This study uses information provided by the retailer only, and future research may consider the selling/waste data in the bread supply chain taken directly from the bakery. Since it was discovered that there is greater wastage in the summer than in the winter, researchers should aim to collect data throughout the summer for optimality.

Author Contributions

Conceptualization, Formal analysis, and Writing—initial draft preparation and editing: R.S.; Supervision and Review: A.B., L.P.S. and R.S.M. All authors have read and agreed to the published version of the manuscript.


This research received no external funding.

Data Availability Statement

Not applicable.


We acknowledge the Department of Industrial and Production Engineering, B R Ambedkar National Institute of Technology, Jalandhar (Punjab), India, for supporting this research work.

Conflicts of Interest

The authors declare no conflict of interest.

Appendix A

Table A1. Stock and sell data of bread per cycle per retailer.
Table A1. Stock and sell data of bread per cycle per retailer.
R1 257433322632222474333
R2 308432223632222895444
R3 2821111247443333106433
R4 277433326954442973332
R5 238533220633322164444
R6 3083222381053323276666
R7 3295544309532232105444
R8 166211120111111122221
R9 232222117422112564443
R10 267322221632222584333
Table A2. Probability of selling of breads per cycle per retailer.
Table A2. Probability of selling of breads per cycle per retailer.
Table A3. Average probability of selling of breads per cycle per day.
Table A3. Average probability of selling of breads per cycle per day.


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Figure 1. Bread loss (percentage) from Table 2.
Figure 1. Bread loss (percentage) from Table 2.
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Figure 2. Flowchart of simulation procedure used in this study.
Figure 2. Flowchart of simulation procedure used in this study.
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Figure 3. Formula used in column B of Excel sheet.
Figure 3. Formula used in column B of Excel sheet.
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Figure 4. Formula used in column I of Excel sheet to find B3.
Figure 4. Formula used in column I of Excel sheet to find B3.
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Figure 5. Overall average benefit (OAB) for average benefit of bread.
Figure 5. Overall average benefit (OAB) for average benefit of bread.
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Table 1. Bread waste type and its source.
Table 1. Bread waste type and its source.
S. NoSourceBread Waste Type
  • Not used bread
  • Expired bread
  • Not sold bread
  • Return from retailers
4Agency Holders
  • Return from distributors
  • Bread scrape (from manufacturing processing)
  • Return from agency holders
Table 2. Information on bread wastage.
Table 2. Information on bread wastage.
CountrySource of WasteBread Waste %Waste on the Account ofReference
SwedenBakery5.2%Total production[12]
SwitzerlandBakery5.1%Total production[13]
SwedenRetail Bake-off8.5%Total mass delivered[12]
SwedenRetail Bake-off27%Total waste mass[14]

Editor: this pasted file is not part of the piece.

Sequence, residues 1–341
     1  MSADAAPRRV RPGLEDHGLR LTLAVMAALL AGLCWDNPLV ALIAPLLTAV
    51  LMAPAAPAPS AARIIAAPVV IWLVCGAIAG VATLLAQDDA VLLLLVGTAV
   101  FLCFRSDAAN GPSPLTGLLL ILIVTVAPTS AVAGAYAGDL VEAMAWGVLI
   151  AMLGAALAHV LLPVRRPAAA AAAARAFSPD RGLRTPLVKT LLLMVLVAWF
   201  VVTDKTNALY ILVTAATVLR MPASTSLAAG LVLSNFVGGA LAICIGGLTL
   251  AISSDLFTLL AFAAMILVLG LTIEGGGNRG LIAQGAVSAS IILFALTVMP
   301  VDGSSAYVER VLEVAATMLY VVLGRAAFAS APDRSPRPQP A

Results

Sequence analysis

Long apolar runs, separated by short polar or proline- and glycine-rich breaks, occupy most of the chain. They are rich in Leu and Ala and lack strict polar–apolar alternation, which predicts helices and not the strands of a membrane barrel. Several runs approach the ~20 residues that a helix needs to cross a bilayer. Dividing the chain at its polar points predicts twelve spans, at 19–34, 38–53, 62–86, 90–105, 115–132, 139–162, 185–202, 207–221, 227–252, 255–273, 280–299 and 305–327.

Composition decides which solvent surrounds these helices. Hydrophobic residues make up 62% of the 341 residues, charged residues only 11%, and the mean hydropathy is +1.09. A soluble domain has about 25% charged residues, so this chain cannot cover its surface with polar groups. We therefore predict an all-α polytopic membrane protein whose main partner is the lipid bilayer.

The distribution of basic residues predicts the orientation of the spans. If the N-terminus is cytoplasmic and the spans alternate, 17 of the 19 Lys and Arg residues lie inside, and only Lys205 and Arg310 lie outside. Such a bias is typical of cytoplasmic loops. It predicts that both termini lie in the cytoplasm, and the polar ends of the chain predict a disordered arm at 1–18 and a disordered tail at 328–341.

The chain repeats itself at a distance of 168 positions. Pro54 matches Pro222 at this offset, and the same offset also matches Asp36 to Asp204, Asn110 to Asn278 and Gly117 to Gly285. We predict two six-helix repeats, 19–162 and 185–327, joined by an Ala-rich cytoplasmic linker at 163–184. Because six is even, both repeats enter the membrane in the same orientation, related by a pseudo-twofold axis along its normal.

SwedenIn-store3%Total waste mass[14]
AustriaIn-store2.8%Sales in cost price[15]
SwedenTBA8.8%Total mass delivered[12]
SwedenTBA5–14%Mass supplied[10]
SwedenTBA30%Supplied bread loaves[16]
AustriaTBA12.5%Sales in cost price[15]
UnknownNot specified0.5–8%Sale value[17]
ItalyNot specified30.6%Total waste mass[18]
SwedenRestaurants16%Avoidable waste[12]
SwedenSchools10%Avoidable waste[12]
ItalySchools12%Total waste mass[19]
FinlandSchools3%Plate leftovers[20]
SwedenHouseholds13%Avoidable waste mass[12]
NorwayHouseholds27%Edible food waste mass[21]
Table 3. Waste concerning the additional strategies.
Table 3. Waste concerning the additional strategies.
CompanyAdditional StrategiesImpact on SellWastage
Company-AGiving agency holder (AH) a task to carry very little return by offering an extra discount of 4–5% on the bill. Similarly, AH gives 2–3% to distributors and 1–2% to retailers on the bill.Wastage percentage is minimized, and less space is required to return inventory to the manufacturer.4–6%
Company-BGiving material to AH according to his demand, the company is ready to take back all returns (if produced).
The company produces various types of bread.
Wastage percentage is higher, and more space is required to return inventory to the manufacturer.
Due to various types, customers are more attracted to this company.
Company-CThe company is ready to take back all returns (if produced), and companies do not need AH, dealing directly with distributors.
Producing small packets of bread at a low price for low-budget customers.
Wastage percentage is more, and there is no AH, so the company’s time for selling is increased.
Due to small packs of bread, wastage is less, and sales are good.
Company-DThe company is targeting small towns and villages to sell bread because they assume that people there are not too quality-conscious.This creates less wastage.4–5%
Company-EThe company is also targeting small towns and villages to sell bread because they assume that people there are not too quality-conscious.
Producing small packs of bread at a low price for low-budget customers.
This creates less wastage, and sales are good due to small bread packets.3–4%
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Bhardwaj, A.; Soni, R.; Singh, L.P.; Mor, R.S. A Simulation Approach for Waste Reduction in the Bread Supply Chain. Logistics 2023, 7, 2.

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Bhardwaj, Arvind, Rachit Soni, Lakhwinder Pal Singh, and Rahul S Mor. 2023. "A Simulation Approach for Waste Reduction in the Bread Supply Chain" Logistics 7, no. 1: 2.